The insurance industry is grumbling over the imposition of a 17.5 per cent Valued Added Tax (VAT) on its services, which it says will worsen the already low insurance penetration in the country.
Though life insurance and reinsurance services are exempted, insurers doing general business such as providing cover for vehicles and logistics are worried about having to increase their premiums due to the VAT.
The government amended the VAT law last November and expanded its scope by raising the tax rate from 15 per cent (including the National Health Insurance Levy) to 17.5 per cent effective January 2014.
The decision to levy a 17.5 per cent on financial services has generated a huge scare among the public with reported cases of panic withdrawal by bank customers.
The Chief Executive Officer of the Ghana Insurers Association (GIA), Mr Atsu Menyawovor, is worried that the imposition of the tax on insurance will raise the insurance premiums, which will eventually be passed on to the consumer.
Like the banks, he is also worried that the many businesses which already do not insure their capital and property will not be encouraged to do so because of the rise in premiums.
“We will most likely pass on the VAT charged on the premiums to the final consumer,” he said.
Mr Menyawovor feared that the implementation of the 17.5 per cent VAT on insurance premiums on the compulsory motor insurance would have a rippling effect on the travelling public.
“This is because when motor insurance goes up, it is likely that the transport unions will adjust transport fares accordingly to reflect the increment, and that will impact on the cost of transportation and food among other things,” he noted.
“Insurance has an elastic demand and we have very low insurance penetration rate in this country. We are now trying to get people to buy nonlife insurance products because we believe that if people insure their own assets, in the event of any misfortune, they can be compensated adequately instead of appealing to government for help; a situation which would create a social burden for the state.
“A couple of years back when we attempted adjusting motor insurance premiums moderately, the government intervened and stopped us,” he said.
“In fact, this will be an additional strain on individuals and businesses trying to comply with the laws that mandate them to buy or provide insurance.
“So the effect of the VAT will be significant for people buying insurance. We are in essence taking away people’s capital because insurance is a mechanism for protecting capital, which is an asset people use to work, so that in the event something happens to that capital, one can get insurance or have the asset replaced for work to go on.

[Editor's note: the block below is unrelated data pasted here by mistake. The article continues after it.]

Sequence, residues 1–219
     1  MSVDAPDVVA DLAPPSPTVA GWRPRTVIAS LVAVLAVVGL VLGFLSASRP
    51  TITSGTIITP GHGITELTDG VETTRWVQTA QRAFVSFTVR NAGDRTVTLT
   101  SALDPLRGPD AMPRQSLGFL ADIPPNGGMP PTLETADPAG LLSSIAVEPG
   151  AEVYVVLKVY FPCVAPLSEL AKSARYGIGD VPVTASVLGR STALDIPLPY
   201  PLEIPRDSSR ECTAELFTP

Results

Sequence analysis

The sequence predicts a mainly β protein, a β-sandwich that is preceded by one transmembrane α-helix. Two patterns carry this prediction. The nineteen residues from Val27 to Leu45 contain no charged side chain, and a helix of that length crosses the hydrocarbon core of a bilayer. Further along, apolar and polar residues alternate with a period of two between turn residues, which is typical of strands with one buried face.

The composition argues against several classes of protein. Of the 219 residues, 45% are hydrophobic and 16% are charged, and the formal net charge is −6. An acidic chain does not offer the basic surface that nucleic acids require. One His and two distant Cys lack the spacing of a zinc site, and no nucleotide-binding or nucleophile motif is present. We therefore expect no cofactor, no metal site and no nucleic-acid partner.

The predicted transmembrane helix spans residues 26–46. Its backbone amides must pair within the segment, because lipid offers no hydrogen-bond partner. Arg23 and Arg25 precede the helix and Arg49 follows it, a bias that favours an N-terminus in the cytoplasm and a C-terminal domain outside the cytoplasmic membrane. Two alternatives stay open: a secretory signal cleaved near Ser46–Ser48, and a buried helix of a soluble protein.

Concerns of insurance industry Though the industry has up to September to begin the implementation of the new tax regime, some other insurance practitioners who pleaded anonymity told the Graphic Business in an interview that the tax would weaken the financial standing of both the insured and the insurer to do business at a time that insurance penetration was low.
“Of course, insurers have not been prepared for this because we need to do a lot of education and reconfigure our computer systems – so we need to actually engage the tax authorities to seek clarification and also find the best way to implement this without creating any upheavals in the system.
There are yet others who are uncertain of whether the tax applies to premiums or intermediary services or brokers who work on commission basis.
Meeting the GIA team Meanwhile, a deputy Minister of Finance, Mr Cassiel Ato Forson, in an interview, said the government planned to meet the national executives of the GIA to thrasnbut all issues arising out of the implementation of the 17.5 per cent on VAT.
The new VAT law puts Ghana among only a few countries in the world that charge a consumption tax on insurance at a time the industry is struggling to expand. Currently, insurance penetration in the country is less than two per cent in a market operated by 43 firms in both the life and non-life insurance sectors.
For the government, the VAT hike seems an easy way to boost revenues to keep its fiscal stabilisation plans on track since it would not be able to cut the budget deficit of 11.8 per cent of GDP as quickly as it had anticipated.
It now forecasts a deficit of 8.5 per cent of GDP this year, up from 8 per cent previously projected
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